Capturing the Dynamic
By Arnold Kling
This is the perverse logic of meritocracy. Once a system grows sufficiently complex, it doesn’t matter how badly our best and brightest foul things up. Every crisis increases their authority, because they seem to be the only ones who understand the system well enough to fix it.
But their fixes tend to make the system even more complex and centralized, and more vulnerable to the next national-security surprise, the next natural disaster, the next economic crisis. Which is why, despite all the populist backlash and all the promises from Washington, this isn’t the end of the “too big to fail” era. It’s the beginning.
Well, when the ruling class faces populist opposition, it certainly does not react by saying, “Oh, gosh, we are messing up and losing support, so we had better back off a bit here.” Instead, they become convinced that the opposition, is extremist, unserious, and all the rest.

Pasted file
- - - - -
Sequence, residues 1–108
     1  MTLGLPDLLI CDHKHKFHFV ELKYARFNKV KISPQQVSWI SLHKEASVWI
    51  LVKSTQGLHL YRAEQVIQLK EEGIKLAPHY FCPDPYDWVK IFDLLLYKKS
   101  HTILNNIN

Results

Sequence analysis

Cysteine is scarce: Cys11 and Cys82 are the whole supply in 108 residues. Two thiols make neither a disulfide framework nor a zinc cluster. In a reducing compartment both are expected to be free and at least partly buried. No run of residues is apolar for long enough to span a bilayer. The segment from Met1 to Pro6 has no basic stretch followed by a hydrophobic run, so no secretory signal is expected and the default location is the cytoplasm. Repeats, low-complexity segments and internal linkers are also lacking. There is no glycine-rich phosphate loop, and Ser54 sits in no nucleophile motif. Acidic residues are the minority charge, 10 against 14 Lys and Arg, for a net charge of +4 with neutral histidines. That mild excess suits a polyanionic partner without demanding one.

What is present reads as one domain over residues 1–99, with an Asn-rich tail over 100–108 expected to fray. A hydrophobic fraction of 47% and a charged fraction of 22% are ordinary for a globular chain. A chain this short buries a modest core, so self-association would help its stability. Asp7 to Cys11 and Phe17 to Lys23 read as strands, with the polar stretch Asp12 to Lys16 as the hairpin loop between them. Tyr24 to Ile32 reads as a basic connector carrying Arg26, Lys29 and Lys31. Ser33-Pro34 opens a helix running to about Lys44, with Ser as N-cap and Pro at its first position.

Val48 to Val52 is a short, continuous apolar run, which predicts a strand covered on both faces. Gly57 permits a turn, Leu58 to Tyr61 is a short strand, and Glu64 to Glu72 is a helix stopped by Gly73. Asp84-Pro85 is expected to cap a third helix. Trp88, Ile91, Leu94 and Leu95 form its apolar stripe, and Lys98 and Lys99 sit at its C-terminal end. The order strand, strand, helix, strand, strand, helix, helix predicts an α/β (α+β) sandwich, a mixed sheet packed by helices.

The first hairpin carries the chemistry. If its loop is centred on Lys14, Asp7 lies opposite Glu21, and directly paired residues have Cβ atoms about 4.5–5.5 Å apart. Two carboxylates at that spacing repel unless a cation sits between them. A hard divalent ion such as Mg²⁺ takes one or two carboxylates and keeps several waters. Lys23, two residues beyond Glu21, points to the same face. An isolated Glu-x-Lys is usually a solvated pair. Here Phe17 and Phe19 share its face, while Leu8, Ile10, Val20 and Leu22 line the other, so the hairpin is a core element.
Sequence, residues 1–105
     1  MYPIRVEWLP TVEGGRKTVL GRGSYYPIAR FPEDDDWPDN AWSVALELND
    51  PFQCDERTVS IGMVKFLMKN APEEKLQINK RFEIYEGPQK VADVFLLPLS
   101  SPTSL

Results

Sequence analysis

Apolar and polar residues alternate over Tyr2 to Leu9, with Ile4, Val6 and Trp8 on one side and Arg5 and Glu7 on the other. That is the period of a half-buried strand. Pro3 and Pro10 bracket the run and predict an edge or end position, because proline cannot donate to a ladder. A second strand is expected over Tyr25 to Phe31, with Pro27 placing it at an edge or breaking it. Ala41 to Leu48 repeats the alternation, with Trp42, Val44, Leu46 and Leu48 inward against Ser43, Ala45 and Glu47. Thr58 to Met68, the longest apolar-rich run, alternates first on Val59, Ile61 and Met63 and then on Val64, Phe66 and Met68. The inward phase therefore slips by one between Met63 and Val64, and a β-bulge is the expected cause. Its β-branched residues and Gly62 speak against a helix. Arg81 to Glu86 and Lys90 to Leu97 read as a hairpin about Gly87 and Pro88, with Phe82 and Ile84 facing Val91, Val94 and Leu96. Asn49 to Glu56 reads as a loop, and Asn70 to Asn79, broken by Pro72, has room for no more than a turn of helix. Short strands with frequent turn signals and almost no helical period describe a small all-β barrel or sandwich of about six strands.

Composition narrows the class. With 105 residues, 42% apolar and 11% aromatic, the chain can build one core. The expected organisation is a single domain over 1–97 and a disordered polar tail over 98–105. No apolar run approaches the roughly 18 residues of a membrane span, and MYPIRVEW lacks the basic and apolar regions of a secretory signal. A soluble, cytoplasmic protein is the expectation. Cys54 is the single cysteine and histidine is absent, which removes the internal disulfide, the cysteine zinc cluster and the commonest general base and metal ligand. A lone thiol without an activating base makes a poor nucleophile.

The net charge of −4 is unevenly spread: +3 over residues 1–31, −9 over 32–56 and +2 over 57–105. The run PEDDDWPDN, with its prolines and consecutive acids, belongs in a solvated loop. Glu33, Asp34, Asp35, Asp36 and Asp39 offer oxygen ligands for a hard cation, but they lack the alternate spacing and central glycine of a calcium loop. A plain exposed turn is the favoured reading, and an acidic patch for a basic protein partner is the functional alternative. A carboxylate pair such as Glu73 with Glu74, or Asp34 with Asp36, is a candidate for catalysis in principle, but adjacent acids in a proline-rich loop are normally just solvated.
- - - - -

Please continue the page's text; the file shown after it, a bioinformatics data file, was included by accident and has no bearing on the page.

Our rulers are like temperamental children over whom we have lost control. When we criticize them, they become even more insecure and more temperamental.
Douthat seems to believe that in a deep sense, the Tea Party movement can never win.